Calling all dog lovers!
Backstory about me real quick. The pup pictured above is my rescue dog, Sophie. My friend found her in an overrun yard with 5+ other dogs. All the other dogs were pups, but I lucked out and got a totally trained, cuddly, senior dog. Sophie was between 6 and 8 years old when I got her. We're going on 3 years together now and we couldn't be happier! So, before you ask, yes we're from the South (Alabama) where much of Rescue Road takes place. The idea behind the book was to get the word out about Rescue Road Trips, run by Greg Mahle. His rescue dog transport picks up dogs in the south and moves them up north to give them a fur-ever home. There are so many neglected, abused, abandoned dogs in the south. The exact statistics are in the book, but it's far more than the rest of the country. What Greg and countless other rescue pet organizations do for these dogs is far beyond what is expected of them. They spend THOUSANDS of dollars a year on a single dog just to make sure he has a better life than the one he was leading. Many of the vets administer vaccines and spay/neuter for free or discounted, just so the stray population has a chance to survive. Not to mention the countless hours they spend actively searching and feeding strays all while hoping they can find foster families for the dogs they're pulling directly off the streets and from the high-kill shelters.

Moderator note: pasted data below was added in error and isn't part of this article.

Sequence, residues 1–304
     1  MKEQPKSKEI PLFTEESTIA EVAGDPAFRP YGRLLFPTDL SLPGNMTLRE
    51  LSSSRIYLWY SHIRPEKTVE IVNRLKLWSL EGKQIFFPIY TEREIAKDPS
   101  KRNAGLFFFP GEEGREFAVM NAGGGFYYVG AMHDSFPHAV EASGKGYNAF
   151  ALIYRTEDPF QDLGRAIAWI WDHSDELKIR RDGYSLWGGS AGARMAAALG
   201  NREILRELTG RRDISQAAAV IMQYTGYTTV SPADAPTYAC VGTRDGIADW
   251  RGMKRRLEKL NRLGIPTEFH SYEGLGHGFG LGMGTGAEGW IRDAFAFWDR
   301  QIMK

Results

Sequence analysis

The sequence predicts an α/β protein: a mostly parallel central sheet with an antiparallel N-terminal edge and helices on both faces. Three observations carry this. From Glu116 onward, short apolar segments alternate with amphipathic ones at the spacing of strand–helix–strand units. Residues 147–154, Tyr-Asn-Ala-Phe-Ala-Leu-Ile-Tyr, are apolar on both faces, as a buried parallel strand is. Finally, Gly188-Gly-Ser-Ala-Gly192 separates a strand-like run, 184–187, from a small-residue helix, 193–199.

Now, if you're thinking of getting a dog I urge you to do a few things first.
1) Think of the commitment you're making. Essentially you are growing your family and your new pet is going to be family. Pets are not property and need love, attention, room to play. Not to mention they're going to need vaccines, grooming, nail trimming, and who knows what else. (My pup came to me while I was in college, stayed with me after I got married, and made a 14 hour journey to Korea where we currently live. Gotta be in it for the long run.)
2) Read this book. Learn what these pups have gone through; find out as much about their journey as you can because they're going to be living with you until they cross the rainbow bridge.
3) If you're uncertain if you can handle the responsibility or the commitment, consider fostering! You could open your home to a dog (or a dozen) from time to time until they can find their forever homes.
4) Adopt, don't shop. There are so many strays that still need homes, and so many puppy mills that just need to be done away with.
One last thing!
Don't be afraid to adopt the shy dog, the black dog, the senior dog, or the special needs dog. These dogs are often overlooked because of those specific traits. My rescue literally meets 3 of the 4 criteria I just listed and I am 100% in love with her.
Looking for other books by Peter Zheutlin?